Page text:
For some people it may be the case that the current crop of smaller, more efficient petrol engines are the best option. They are a lot cleaner than they used to be in terms of CO2 so as well as improving fuel consumption the cost of VED can be reduced too. If your car never clocks up more than ten thousand miles per year then you could consider sticking with - or going back to - petrol.

But here's the problem. There are an awful lot of people in the UK who regularly travel in excess of twenty thousand miles per year. Not to mention who knows how many vans and heavy goods vehicles. If you are one of them you will already be well aware that when it comes to efficiency nothing can touch a diesel over those kinds of distances.

Let's not forget that in the early days the diesel engine proved popular in the marine industry for the sole reason that there are no petrol stations in the middle of the ocean. Diesel is popular because it's the most efficient form of internal combustion engine we've managed to mass-produce successfully.

So if you are one of those drivers who travels long distances why should you be forced to sacrifice your most efficient means of transport?

You shouldn't. If a diesel is currently the best option for you today then it will likely still be the best option tomorrow. If that is the case then next time you replace your car, replace it with another diesel. At the end of the day it's up to you.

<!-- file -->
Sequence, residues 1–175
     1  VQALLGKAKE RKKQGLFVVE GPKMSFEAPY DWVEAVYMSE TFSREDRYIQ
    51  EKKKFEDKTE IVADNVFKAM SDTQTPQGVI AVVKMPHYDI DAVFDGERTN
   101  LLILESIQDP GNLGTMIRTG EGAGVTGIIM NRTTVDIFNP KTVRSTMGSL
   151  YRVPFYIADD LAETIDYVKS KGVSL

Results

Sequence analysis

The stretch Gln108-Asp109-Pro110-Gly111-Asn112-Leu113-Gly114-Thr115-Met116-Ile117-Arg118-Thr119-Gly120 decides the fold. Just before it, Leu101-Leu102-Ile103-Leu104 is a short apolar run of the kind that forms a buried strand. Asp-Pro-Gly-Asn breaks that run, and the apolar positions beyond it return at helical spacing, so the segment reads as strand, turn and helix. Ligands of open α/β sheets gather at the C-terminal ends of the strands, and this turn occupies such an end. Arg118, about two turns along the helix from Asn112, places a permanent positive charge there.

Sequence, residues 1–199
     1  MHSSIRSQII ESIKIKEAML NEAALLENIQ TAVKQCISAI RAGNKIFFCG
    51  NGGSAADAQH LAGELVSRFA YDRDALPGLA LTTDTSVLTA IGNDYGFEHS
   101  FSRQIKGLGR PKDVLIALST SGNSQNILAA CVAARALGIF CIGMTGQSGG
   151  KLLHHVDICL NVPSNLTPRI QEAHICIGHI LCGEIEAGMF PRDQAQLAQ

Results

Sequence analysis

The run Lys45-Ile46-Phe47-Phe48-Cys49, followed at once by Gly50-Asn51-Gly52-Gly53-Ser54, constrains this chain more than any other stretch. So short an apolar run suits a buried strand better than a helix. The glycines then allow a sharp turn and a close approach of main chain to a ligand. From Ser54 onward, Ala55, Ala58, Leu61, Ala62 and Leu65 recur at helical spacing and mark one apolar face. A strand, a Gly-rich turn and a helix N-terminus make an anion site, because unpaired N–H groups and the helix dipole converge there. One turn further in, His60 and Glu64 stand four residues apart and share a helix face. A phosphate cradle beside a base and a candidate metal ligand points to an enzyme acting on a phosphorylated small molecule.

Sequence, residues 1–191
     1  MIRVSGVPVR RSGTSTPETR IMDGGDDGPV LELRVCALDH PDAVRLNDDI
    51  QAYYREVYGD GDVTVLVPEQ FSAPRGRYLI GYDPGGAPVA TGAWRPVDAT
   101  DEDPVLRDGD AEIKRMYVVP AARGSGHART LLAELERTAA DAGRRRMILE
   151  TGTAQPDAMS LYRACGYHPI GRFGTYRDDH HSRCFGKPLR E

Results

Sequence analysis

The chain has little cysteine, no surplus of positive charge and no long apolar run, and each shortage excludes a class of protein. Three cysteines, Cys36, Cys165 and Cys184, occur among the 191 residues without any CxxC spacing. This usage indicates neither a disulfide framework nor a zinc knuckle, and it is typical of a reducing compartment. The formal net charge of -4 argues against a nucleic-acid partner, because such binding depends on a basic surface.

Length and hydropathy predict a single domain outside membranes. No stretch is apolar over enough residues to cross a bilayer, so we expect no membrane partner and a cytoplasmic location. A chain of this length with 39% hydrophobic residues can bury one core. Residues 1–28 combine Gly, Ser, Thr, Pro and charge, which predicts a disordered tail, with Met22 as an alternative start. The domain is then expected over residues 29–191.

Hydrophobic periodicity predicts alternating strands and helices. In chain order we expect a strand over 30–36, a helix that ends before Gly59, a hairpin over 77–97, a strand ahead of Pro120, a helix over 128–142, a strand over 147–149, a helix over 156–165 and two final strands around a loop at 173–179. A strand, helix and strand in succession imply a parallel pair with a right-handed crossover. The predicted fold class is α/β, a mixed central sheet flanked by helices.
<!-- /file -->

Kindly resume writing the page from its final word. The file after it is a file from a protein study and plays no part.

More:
As we said at the beginning, it's highly unlikely the diesel is going to disappear quickly. The government clean air proposal suggests that sales of new diesel and petrol cars will end by 2040. That's 23 years from now. If a week is a long time in politics two decades is positively geological. A lot can happen in that time.

Most people will change cars five or six times in twenty years, maybe more in some cases. New technologies like the current crop of hybrid/electric cars have developed massively in the last five years. The point is that you don't need to lose too much sleep over changes that haven't actually arrived yet.

By 2040 the entire landscape may have changed. We may have the infrastructure for every single vehicle in the UK to be electric. We may all be driving hydrogen-fuel vehicles. There may be an even better option we haven't figured out yet. Human civilisation may have collapsed entirely, plunging all of us into a nightmarish, anarchic hell where gangs of teenagers scour the earth in a desperate yet futile search for a mythical working iPhone.

No, we don't think the last scenario is likely either. The point is, if you can make the switch to an alternative fuel vehicle then you should. If you can't, then don't. If everyone who could go electric did so it would at least help to balance out those who can't.

As we so unhelpfully pointed out, whether or not you choose to ditch diesel really does depend entirely on you. If you're still not sure you can always give us call to discuss the options.